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Stubblefield speaks on jails for first time since suspension

Former St. Louis corrections commissioner Gene Stubblefield and his attorney at a 2011 hearing of the city's public safety committee
Rachel Lippmann | St. Louis Public Radio
A Tuesday hearing of the public safety committee was the first time suspended corrections commissioner Gene Stubblefield (L) answered questions about recent jail breaks. His attorney, Sherrie Schroder, is at right.

The highest-ranking city official to face discipline so far for problems at the St. Louis jails spent four hours under oath today, giving his perspective on the situation that led to four escapes in 15 months.

Corrections commissioner Gene Stubblefield was placed on forced leave in September, just hours before the fourth escape. Today's hearing was the first time he has answered questions since that happened.

"I think after eight years of cutting significant positions that we have finally reached an era of vulnerability," Stubblefield said.  He said on a scale of one to 10, he would rate the Medium Security Institution at a four, and the maximum security City Justice Center downtown a seven, simply because it's better designed.

Aldermen twice asked Stubblefield if he accepted any responsibility for the escapes. Twice, he answered that while he would have loved to investigate his own policies and procedures, he could not because of a lack of staffing.

"It was frustrating," Stubblefield said. "I personally wanted to figure out why I had an escape for the first time in eight years, and I could not investigate it in a complete fashion. That concerned me."

He also outlined several requests for additional corrections officers that went unfilled and concerns about budget cuts that went unheeded. A lack of staffing, Stubblefield said, contributes to the excessive overtime the department has racked up in recent years and can play a role in escapes by leading corrections officers to take shortcuts.

Not all aldermen bought that. Fred Wessels pointed out that two daughters of a top corrections official are among the top recipients of overtime. Stubblefield's secretary and two payroll supervisors also received approval for significant amounts of overtime pay.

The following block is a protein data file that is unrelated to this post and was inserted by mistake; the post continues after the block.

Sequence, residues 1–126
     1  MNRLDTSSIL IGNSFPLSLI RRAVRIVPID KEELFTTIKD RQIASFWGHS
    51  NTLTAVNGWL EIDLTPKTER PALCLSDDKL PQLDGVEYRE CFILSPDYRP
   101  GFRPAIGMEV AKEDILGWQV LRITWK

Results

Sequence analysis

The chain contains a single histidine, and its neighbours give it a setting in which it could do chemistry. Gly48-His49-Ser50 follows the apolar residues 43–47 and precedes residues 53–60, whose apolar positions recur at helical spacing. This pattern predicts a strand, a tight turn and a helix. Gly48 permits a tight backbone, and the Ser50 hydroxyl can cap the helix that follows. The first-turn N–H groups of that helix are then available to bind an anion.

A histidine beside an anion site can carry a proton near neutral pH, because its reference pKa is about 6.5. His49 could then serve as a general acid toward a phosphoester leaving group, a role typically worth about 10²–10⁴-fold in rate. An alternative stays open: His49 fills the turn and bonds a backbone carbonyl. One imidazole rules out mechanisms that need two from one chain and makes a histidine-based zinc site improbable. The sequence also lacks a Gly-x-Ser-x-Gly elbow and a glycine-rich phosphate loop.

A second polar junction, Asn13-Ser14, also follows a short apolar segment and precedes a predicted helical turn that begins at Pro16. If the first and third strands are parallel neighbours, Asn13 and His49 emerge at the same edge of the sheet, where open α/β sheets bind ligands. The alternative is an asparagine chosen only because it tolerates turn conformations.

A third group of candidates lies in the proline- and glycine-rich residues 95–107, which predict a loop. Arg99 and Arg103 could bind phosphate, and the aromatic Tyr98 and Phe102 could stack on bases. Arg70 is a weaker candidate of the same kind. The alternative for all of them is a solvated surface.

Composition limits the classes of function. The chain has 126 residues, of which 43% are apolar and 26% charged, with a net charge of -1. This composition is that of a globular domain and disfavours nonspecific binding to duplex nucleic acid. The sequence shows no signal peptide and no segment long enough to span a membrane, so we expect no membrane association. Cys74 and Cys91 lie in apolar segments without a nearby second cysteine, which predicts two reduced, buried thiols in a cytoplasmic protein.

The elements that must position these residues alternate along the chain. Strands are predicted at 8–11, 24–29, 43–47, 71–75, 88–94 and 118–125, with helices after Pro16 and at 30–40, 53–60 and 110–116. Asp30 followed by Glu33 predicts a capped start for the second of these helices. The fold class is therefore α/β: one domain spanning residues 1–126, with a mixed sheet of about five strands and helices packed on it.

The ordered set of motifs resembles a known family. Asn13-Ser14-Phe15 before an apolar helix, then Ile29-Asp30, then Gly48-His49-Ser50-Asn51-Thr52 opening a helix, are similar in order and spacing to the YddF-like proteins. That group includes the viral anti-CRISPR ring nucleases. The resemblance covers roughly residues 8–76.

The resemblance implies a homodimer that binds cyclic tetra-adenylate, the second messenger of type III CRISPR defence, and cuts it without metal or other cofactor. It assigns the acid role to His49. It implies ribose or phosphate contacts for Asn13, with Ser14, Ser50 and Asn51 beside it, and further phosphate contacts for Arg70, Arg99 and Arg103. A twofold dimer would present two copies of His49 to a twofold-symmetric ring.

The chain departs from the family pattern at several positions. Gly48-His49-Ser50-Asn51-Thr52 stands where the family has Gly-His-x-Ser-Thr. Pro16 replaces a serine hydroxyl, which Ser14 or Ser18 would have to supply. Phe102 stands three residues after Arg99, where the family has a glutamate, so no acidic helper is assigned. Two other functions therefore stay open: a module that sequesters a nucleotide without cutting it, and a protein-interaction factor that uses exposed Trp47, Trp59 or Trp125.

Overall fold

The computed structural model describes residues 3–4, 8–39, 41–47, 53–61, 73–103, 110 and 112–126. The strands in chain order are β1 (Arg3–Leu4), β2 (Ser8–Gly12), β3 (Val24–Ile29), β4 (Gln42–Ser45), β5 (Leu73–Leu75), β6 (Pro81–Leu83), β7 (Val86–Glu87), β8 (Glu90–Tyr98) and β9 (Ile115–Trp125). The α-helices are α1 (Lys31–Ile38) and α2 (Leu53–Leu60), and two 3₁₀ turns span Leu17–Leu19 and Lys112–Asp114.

"Excessive overtime in payroll is what happens when there's no supervision," Wessels said.On Twitter, Ald. Jennifer Florida, who was observing the hearing, said Stubblefield was taking no responsibility for his actions. And Ald. Carol Howard noted that the $250,000 in overtime the department was issuing a quarter would easily pay for enough corrections officers to avoid most overtime. "I don't understand how you can't fill the positions," she said.

Stubblefield was candid during his testimony, though he often paused to listen to two attorneys who accompanied him to today's hearing. He refused to answer questions just once - when Ald. Craig Schmid asked when Stubblefield's relationship with his direct supervisor, public safety director Charles Bryson, became untenable. But he said that Bryson's predecessor, Sam Simon, would defer to his experience on what positions needed to be filled.

"There was much more of a working relationship," Stubblefield said. "With the current director, I'm simply given an order to decrease my staffing level. At one time, I even asked him, 'can you please share with me your formula, because we're going to have some serious problems down the road.' And I never got a response."

"Would you describe [Bryson's] style as micromanaging?" asked Ald. Antonio French. "I don't have a problem with micromanaging as long as it's not micro-mismanagement," Stubblefield replied.

Bryson reports to Mayor Francis Slay, whose office has released a report citing a "systemic failure of leadership" as the cause of the escapes and budgetary problems. After the hearing today, Slay's top aide, Jeff Rainford, called the series of hearings a political stunt, and talk of unfilled staffing requests and scuttled investigations red herrings brought up by some aldermen to score points.

"If you had 100 cracks in your basement foundation and you fixed 99 of them, the water would find the one crack and water would still get into your basement," Rainford said. "It's the same thing with security in a jail, and that's really the problem, and it has to start from the top."  Rainford said he met several times with Stubblefield on the overtime budget, and the commissioner never expressed a concern that excessive overtime would impact safety at the jails.

Rachel is the justice correspondent at St. Louis Public Radio.